The Soboba Band of Luiseño Indians welcomed Assemblymember James C. Ramos to the Soboba Casino Resort Center on Dec. 12 to discuss the next steps in implementing Assembly Bill 1703, known as the California Indian Education Act. The bill was authored by Ramos and approved by Gov. Gavin Newsom in September. It is meant to ensure that the proper history of regional Tribes is taught in the state’s schools.
The bill encourages school districts, county offices of education and charter schools to form California Indian Education Task Forces with Tribes local to their region, or historically located in their region, who will help develop high quality curricular materials, including the correct and proper depictions of Native Americans.
Soboba Tribal Chairman Isaiah Vivanco welcomed the opportunity to host this important event for Assemblymember Ramos who is a longtime friend of his and the Soboba Tribe. He said it was a two-year battle for this bill to endure the Legislative process so it could be put on the governor’s desk for approval.
“We appreciate all the effort, time, consultation and everything else that Assemblymember Ramos has gone through to get the bill to where it’s at today – ready to be instituted within our school districts to tell our true story,” Vivanco said.
Among the Roundtable panelists were two San Jacinto High School students who traveled to Sacramento with a delegation from Soboba in March to support the bill when it was under consideration. Su’la Arviso and Rhianna Salgado are also members of the Four Directions Native American club at the high school and recently organized a Gathering of the People where they highlighted all cultures represented at the campus and in the community. Ramos attended that event and spoke about the importance of schools teaching accurate historical information regarding Native Americans.
At the Roundtable, Su’la said, “This bill will not only help clear up the misconceptions but also provide a better understanding of who we are and where we come from.” She shared that being able to provide cultural demonstrations via the club helps give her fellow students a better understanding of Native Americans than what they read about in textbooks.
Rhianna, of the Soboba Band of Luiseño Indians and Cahuilla Band of Indians, said that she was grateful to be given the platform of testifying on behalf of AB 1703 in Sacramento and to being invited to the Roundtable “where our voices can be heard.” She stressed the importance of teaching, and having students learn, the true history and culture among different Tribes throughout the state and not just have them all lumped together into one stereotype.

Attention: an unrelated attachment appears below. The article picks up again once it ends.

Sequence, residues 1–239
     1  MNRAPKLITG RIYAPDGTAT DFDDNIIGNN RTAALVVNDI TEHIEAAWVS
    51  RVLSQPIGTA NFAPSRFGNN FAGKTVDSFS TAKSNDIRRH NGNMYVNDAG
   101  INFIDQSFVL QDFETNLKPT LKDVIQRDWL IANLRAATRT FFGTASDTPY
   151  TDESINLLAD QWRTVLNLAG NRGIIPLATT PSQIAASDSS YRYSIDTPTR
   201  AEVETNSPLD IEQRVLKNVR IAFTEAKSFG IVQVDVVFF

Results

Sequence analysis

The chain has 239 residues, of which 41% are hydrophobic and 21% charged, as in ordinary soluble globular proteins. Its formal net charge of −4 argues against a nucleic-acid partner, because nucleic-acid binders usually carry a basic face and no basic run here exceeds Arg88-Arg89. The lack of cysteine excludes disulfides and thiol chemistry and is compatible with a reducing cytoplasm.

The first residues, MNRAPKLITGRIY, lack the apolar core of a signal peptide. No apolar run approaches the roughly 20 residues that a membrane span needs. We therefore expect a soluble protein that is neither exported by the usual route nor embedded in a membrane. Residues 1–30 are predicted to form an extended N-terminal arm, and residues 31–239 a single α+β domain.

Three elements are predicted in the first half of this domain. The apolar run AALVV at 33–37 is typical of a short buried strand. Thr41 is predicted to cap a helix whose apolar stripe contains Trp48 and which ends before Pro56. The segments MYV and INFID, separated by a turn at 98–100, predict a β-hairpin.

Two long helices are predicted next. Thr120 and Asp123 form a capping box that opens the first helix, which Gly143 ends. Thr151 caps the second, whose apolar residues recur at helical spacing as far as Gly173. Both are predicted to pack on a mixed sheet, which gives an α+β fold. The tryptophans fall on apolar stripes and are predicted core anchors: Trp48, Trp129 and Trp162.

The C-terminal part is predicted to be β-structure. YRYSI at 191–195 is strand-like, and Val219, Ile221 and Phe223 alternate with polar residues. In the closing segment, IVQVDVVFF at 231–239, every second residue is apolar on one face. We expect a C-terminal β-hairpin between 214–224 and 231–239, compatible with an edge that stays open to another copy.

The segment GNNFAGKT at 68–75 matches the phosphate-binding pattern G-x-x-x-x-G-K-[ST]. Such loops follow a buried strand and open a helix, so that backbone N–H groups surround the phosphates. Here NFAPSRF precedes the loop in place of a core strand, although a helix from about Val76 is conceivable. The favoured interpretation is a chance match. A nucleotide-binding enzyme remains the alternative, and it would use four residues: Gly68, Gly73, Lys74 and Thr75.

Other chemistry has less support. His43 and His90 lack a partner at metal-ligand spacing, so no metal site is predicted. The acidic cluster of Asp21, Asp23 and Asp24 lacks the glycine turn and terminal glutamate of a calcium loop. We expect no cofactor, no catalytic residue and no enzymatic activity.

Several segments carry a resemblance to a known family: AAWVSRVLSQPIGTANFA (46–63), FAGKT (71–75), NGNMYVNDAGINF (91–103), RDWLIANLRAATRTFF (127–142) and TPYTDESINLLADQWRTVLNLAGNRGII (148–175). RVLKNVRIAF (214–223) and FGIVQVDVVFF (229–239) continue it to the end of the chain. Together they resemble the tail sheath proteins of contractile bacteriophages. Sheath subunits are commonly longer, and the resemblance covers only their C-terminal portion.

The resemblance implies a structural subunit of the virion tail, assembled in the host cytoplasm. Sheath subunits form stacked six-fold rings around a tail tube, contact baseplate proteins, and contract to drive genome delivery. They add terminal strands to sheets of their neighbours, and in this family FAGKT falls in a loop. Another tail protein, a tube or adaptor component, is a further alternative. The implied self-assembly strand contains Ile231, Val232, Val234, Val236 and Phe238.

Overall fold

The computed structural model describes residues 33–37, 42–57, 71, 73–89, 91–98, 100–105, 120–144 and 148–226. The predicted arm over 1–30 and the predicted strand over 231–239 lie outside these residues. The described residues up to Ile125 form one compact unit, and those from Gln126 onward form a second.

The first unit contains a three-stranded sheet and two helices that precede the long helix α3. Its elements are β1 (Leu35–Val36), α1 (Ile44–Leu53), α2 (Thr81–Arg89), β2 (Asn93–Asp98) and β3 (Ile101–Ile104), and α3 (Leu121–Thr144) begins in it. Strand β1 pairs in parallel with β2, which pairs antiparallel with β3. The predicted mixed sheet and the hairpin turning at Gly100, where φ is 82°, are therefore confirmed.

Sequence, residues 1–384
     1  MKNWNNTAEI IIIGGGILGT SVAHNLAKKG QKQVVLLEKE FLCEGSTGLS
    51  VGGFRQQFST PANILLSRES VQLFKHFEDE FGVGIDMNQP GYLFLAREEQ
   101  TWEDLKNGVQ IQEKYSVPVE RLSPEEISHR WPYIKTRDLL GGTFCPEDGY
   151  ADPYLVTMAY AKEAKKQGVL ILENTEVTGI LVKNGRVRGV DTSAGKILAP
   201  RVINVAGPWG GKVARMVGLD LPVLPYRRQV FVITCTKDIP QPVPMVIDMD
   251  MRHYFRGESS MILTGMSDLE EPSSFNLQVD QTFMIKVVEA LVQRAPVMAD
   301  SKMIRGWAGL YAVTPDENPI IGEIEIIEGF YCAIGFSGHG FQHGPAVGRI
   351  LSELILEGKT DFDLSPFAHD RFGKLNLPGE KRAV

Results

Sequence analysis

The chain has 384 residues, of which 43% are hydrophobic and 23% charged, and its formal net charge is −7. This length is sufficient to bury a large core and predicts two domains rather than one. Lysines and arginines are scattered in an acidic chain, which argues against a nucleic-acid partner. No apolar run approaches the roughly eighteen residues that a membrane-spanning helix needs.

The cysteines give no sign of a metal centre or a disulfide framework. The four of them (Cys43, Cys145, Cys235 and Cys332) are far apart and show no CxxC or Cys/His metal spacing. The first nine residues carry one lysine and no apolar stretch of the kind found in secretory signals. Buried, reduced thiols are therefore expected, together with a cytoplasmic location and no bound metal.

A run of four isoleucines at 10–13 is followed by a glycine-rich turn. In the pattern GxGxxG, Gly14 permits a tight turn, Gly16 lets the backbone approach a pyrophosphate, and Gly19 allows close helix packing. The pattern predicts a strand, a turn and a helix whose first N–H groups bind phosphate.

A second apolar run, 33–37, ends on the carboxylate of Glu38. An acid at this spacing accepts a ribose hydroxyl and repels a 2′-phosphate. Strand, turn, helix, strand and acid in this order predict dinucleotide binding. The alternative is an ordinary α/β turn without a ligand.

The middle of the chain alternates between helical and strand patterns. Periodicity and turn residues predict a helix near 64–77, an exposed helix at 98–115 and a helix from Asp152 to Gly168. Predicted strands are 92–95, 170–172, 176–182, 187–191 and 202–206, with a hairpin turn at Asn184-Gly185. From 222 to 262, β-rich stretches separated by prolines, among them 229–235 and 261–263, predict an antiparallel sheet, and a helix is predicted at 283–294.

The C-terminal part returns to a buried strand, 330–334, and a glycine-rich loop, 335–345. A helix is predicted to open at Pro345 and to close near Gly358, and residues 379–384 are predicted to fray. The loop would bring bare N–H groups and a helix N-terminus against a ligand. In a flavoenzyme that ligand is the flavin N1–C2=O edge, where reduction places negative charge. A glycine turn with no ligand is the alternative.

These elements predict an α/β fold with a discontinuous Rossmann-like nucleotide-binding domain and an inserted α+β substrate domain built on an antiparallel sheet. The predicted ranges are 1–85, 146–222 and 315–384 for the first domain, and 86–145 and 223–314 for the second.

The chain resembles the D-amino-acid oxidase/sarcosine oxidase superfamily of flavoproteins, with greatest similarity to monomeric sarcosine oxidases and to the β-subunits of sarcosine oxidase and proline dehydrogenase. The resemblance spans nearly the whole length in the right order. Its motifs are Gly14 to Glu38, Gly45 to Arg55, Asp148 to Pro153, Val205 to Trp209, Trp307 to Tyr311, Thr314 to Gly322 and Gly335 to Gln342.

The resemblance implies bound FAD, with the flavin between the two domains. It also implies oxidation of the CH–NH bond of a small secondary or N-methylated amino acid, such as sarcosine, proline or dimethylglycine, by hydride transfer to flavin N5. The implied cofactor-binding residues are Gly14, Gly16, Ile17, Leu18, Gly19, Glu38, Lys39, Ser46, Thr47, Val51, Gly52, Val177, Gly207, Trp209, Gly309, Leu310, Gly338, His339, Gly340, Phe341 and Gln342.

Ramos thanked both students for their insightful words and said they are both great examples of how the youths are already working hard to correct the misconceptions by engaging in their classrooms, on their campuses and in their communities.
“How much better would it be for a Native American student from a local Tribe to open a textbook and read the factual history of who they truly are and see it being taught to every student in their classroom?” Ramos said. “That’s where we want to get to. We want to get to that point so everybody is learning about who we are and breaking down those misconceptions.”
Other panelists, virtually and in person, included Tribal and educational leaders who stated their support and reasons why they feel this bill and subsequent implementation is so valuable to Californians.
The Soboba Band of Luiseño Indians is utilizing its strong relationship with the San Jacinto Unified School District to provide support for AB 1703.
“Hopefully we can take steps here locally to be a model to show other Tribes and districts in the state what San Bernardino and Riverside counties can do,” Vivanco said. “We will put our best foot forward and lead this charge. I know there is a lot more to be done and a lot more than can be said or talked about, but we are excited to move forward and progress.”
To Ramos, Vivanco said, “Thank you for what you are doing at the capitol and for making a difference in our lives, and for bringing attention to these serious matters.”
Photos courtesy of the Soboba Band of Luiseño Indians